I have lived in Thailand for over seven years now in three very different places – Koh Phangan, Khanom and Chiang Mai. I have traveled around tens of thousands of kilometers, I have eaten in hundreds of restaurants, from tiny little stalls on the streets of Bangkok to some of the top fine-dining restaurants. Thus I can pretend to know a thing or two about Thai food and various related subjects. So, here’s a list of the most important learnings I collected through the years. It will help you set your expectations correctly and enjoy the Thai cuisine to the fullest.
1.The traditional Thai cuisine has little to do with what Thai people eat nowadays. Historically speaking Thai food is healthy, mostly based on light cooking and heavily dependent on fresh ingredients – veggies, greens, and spices either from one’s garden or bought from the farmers market. Unfortunately, these kinds of dishes are available mostly in expensive restaurants which regular Thai people cannot afford to visit.
2.The eateries, the stalls, the small restaurants and all the other places where Thais frequently eat follow three basic principles of cooking: speed, price, and taste. Choosing the best ingredients is not always a priority and the most frequently used trick to flavor the food is adding MSG in all the dishes. It is a common practice, people have become dependent on the MSG-boosted taste and restaurants would go out of business if they suddenly decided to stop using the Chinese salt (as some call the MSG powder). I’ve had Thai people admit to me that food has no taste to them without MSG. In case you want to avoid it, ask whoever is preparing the food mai sai choo rot, meaning don’t add MSG.
3.Along with the MSG, cooks use plenty of sugar. Sugar is added even in the fruit juices or smoothies. Don’t be surprised when after only ten days in Thailand you go back home weighing a few extra kilos. Remember to say mai sai naam tan (don’t add sugar), and pray that they don’t.
4.Apart from all the not-so-safe ingredients, it can be fun and rewarding to eat Thai food every day for ten days or two weeks of vacation. If you spend longer here, there are plenty of chances you will end up hating rice, papaya salad, and green curry for the rest of your life. That’s because, at the end of the day, regular Thai food has all the same taste, either sweet or sour with some chili on top.
5.Lots of fresh Western ingredients are now available in Thailand due to the Royal Family projects. At the end of the 1960s, the present King’s grandmother decided to help the hill tribe people living in Northern Thailand. Her wish was to offer them a sustainable cash crop alternative to the infamous poppy fields that were spread across the Golden Triangle. Her Majesty founded The Royal Project Foundation which focused on bringing new vegetables and fruits into the country. They tested to see which ones can grow in the areas where the hill tribes lived and developed education programs for teaching people about the cultivation, conservation and so on. Due to this major project Thailand is now cultivating tea, coffee, bell peppers, zucchini, all sorts of squashes and many other plants unheard of in this country 50 years ago.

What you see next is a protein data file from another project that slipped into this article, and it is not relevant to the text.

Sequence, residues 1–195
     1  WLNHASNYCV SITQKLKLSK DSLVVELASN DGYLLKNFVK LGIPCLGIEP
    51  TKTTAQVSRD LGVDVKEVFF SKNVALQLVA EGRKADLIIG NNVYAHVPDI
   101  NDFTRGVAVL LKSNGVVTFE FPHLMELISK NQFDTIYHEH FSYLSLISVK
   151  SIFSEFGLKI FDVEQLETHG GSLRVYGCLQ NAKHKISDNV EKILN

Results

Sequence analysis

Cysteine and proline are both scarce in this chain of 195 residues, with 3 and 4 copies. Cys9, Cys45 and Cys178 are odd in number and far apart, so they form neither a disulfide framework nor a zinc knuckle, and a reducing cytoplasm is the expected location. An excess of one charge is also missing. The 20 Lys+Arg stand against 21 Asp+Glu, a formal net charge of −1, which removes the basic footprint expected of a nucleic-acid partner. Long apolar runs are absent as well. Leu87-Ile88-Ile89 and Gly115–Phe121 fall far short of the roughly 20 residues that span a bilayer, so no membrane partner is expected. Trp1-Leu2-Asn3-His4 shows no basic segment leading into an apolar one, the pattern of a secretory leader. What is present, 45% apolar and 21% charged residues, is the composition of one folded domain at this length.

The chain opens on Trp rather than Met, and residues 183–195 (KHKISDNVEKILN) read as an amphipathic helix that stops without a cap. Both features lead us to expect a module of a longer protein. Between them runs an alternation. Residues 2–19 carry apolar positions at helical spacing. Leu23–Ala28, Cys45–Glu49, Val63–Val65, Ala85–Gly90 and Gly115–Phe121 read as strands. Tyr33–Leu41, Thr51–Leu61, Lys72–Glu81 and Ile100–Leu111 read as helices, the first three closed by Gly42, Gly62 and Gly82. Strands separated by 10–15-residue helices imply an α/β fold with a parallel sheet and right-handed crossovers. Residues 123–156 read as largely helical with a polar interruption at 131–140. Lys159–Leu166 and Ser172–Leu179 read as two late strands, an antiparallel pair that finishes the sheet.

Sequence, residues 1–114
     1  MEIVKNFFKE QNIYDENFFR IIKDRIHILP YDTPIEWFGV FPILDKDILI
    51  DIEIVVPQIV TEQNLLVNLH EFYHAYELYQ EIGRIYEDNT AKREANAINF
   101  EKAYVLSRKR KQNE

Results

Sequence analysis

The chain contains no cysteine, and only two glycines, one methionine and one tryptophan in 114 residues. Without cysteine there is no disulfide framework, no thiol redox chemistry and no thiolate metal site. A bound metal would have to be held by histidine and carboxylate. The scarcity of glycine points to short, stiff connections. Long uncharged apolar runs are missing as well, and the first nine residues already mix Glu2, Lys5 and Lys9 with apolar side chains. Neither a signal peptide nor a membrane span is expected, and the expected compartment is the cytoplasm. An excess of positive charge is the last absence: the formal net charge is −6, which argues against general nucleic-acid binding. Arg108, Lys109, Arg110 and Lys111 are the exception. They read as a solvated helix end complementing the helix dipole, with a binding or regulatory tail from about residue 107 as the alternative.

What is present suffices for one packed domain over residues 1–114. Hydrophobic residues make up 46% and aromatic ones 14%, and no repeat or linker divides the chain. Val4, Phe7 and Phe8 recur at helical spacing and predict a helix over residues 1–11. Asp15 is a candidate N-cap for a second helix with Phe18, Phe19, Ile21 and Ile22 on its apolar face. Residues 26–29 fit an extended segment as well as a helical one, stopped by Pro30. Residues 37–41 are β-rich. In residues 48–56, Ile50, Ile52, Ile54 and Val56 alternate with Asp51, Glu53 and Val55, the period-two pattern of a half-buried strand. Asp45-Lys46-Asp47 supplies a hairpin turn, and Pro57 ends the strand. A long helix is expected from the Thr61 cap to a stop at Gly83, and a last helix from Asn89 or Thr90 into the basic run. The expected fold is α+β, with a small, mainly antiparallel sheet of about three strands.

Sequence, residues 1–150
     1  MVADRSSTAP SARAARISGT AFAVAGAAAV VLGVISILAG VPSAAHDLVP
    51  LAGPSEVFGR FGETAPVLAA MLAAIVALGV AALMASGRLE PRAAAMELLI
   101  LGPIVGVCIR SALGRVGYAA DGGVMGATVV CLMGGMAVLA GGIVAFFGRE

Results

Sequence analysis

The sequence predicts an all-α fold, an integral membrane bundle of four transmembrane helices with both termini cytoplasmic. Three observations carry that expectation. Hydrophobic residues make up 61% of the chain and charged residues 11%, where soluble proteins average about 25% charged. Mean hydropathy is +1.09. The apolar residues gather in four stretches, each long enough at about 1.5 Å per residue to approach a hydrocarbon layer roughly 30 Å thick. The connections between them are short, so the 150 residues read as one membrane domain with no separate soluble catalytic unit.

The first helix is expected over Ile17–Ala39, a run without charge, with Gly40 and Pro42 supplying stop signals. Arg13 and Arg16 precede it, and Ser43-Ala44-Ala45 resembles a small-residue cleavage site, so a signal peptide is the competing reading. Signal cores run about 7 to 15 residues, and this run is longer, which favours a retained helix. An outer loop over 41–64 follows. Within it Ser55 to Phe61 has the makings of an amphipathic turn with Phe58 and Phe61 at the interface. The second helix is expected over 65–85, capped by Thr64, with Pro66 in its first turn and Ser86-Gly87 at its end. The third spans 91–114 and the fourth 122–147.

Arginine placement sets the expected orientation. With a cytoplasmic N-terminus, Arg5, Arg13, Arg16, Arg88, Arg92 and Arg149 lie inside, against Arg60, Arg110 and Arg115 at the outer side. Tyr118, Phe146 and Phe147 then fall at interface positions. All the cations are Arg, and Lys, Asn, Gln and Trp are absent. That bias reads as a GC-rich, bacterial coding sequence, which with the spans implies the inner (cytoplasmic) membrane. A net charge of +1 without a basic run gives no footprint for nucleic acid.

6.The fruits in this country are amazing. I am not aware how much of them are grown organically or if people use pesticides or not but I know the taste is great and there is no MSG added. If you get bored with the food, switch to fruits. The must-try ones, in my opinion, are mango, mangosteen, passion fruit and lychee.
7.Fruits smoothies are a good alternative to cooked food, especially if you are vacationing by the sea where heat is at times unbearable. Try mango + banana + passion fruit + coconut. Don’t forget what I said earlier about the added sugar!
8.Thai food is very spicy to extremely spicy. Most locals cannot enjoy food unless it’s topped up by a handful of chilies or chili paste. If you have a problem with spiciness, then try to remember to ask food mai phet. Say it a few times to the waiter, and you might be lucky enough to get something you can eat without a throat burn.
9.If you are into sweets, you won’t be pleased to know traditional Thai desserts are not widely available nowadays. A lot of restaurants serve mango with sticky rice which is a gift from heaven and banana in coconut milk. If you want more, pay a visit to the local markets where chances are to find an old lady who is preparing a traditional sweet dish.
10.The weird foods like snakes or fried crickets you see on the Food Network are not abundantly available either. Since living here, I learned Thais eat a lot of strange things, but they usually do it in the intimacy of their homes. If you dig deep into night markets, you might find a thing or two that your supermarket of choice back home will never consider putting on their shelves.